Smoking and Pregnancy

Smoking & Pregnancy

Smoking causes complications during pregnancy and childbirth as well as adverse health outcomes of neonates and children.

Smoking during pregnancy increases incidence of placenta previa, abruptio placentae, ectopic pregnancy and premature rupture of the membranes and preterm labour.1

It is also associated with low birth weight babies, perinatal mortality and sudden infant death syndrome (SIDS).2 Smoking during pregnancy also puts babies at increased risk for congenital abnormalities1. Furthermore, smoking in-utero puts children at risk for developing asthma, respiratory infections and otitis.3 In addition, some studies have shown associations with smoking during pregnancy and behavioural disorders such as attention deficit or hyperactivity.4 Most complications of smoking are reversible with smoking cessation. It is Smoking cessation is strongly recommended for pregnant women. Cognitive-behavioural therapy is the primary cessation approach as it is the safest for the unborn child.5 Cognitive-behavioural interventions are beneficial, cost-effective and include face-to-face communication, spending more time with healthcare providers or seeing them more often in addition to getting self-help printed guide. Follow-up appointment post-partum can also prevent recurrence of smoking.

Men who smoke and want to become fathers are also more likely to experience difficulty conceiving due to the effects of their smoking on their reproductive health. More specifically, men who smoke are at risk for erectile dysfunction and DNA alterations of the sperm.6 At very least, a man who smokes exposes his family and unborn child to passive smoking.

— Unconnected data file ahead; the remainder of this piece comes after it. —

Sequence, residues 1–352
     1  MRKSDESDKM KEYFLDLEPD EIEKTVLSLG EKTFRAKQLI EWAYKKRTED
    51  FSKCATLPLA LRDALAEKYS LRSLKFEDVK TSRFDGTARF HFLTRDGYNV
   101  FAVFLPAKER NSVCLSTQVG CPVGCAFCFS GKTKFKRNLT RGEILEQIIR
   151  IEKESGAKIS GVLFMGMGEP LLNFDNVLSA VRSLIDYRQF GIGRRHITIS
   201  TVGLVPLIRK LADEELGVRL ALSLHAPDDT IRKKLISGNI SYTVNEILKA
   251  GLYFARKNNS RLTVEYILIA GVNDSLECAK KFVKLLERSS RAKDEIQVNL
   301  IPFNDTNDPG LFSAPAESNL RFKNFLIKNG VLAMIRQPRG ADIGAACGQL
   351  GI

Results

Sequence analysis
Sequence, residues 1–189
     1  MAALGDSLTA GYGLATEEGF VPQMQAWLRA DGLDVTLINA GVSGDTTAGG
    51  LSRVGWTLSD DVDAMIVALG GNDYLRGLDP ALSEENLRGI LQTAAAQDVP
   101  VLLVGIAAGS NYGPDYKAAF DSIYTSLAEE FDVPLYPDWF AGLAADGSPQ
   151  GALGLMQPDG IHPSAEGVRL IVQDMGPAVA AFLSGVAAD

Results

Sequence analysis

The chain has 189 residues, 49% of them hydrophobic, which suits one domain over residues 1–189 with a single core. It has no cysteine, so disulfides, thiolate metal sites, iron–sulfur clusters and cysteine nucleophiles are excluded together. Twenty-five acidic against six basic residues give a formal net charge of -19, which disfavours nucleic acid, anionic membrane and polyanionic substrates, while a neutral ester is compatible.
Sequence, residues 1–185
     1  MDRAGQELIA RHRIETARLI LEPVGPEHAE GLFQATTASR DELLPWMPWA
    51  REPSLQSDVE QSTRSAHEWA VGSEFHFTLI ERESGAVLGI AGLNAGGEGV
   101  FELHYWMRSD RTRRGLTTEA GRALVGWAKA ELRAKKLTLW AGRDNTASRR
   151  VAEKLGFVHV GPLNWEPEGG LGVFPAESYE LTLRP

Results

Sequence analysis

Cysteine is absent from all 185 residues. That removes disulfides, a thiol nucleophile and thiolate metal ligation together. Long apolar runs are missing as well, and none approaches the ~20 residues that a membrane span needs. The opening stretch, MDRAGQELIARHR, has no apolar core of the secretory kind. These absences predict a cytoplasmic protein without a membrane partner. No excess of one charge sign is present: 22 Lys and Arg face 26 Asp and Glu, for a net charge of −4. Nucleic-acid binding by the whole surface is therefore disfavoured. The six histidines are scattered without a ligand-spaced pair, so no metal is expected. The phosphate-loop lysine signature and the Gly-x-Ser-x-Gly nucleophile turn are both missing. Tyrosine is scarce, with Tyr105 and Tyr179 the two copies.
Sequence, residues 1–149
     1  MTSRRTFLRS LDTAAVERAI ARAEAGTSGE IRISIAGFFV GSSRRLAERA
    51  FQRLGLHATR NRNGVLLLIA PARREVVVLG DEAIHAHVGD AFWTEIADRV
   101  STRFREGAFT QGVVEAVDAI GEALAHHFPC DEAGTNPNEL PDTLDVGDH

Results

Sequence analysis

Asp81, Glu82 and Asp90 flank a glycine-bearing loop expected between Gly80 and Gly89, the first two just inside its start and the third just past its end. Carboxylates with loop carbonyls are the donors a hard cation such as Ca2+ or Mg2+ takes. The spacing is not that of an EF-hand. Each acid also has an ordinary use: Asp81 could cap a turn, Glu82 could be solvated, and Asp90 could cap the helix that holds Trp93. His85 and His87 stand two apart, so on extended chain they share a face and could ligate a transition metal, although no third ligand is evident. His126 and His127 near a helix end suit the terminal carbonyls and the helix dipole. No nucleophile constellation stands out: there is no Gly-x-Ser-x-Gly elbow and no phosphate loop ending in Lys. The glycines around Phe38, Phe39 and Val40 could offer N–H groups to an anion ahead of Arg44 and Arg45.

REFERENCES

  1. U.S. Department of Health and Human Services. The Health Consequences of Smoking—50 Years of Progress.A Report of the Surgeon General. Atlanta, GA; 2014. https://www.surgeongeneral.gov/library/reports/50-years-of-progress/full-report.pdf.
  2. World Health Organization. Tobacco: Fact Sheet.
    http://www.who.int/news-room/fact-sheets/detail/tobacco. Published 2018.
  3. US Centers for Disease Control and Prevention. Smoking and Tobacco Use Fact Sheet, Secondhand Smoke. https://www.cdc.gov/tobacco/data_statistics/fact_sheets/secondhand_smoke/general_facts/index.htm. Published 2018.
  4. US Centers for Disease Control and Prevention. Smoking in Pregnancy: A Possible Risk for ADHD | Features | CDC.
    https://www.cdc.gov/features/smoking-adhd/index.html. Published 2017.
  5. Cressman AM, Pupco A, Kim E, Koren G, Bozzo P. Smoking cessation therapy during pregnancy. Can Fam Physician. 2012;58(5):525-527.
    http://www.ncbi.nlm.nih.gov/pubmed/22586193.
  6. Weisberg E. Smoking and reproductive health. Clin Reprod Fertil. 1985;3(3):175-186.
    http://www.ncbi.nlm.nih.gov/pubmed/3910212.
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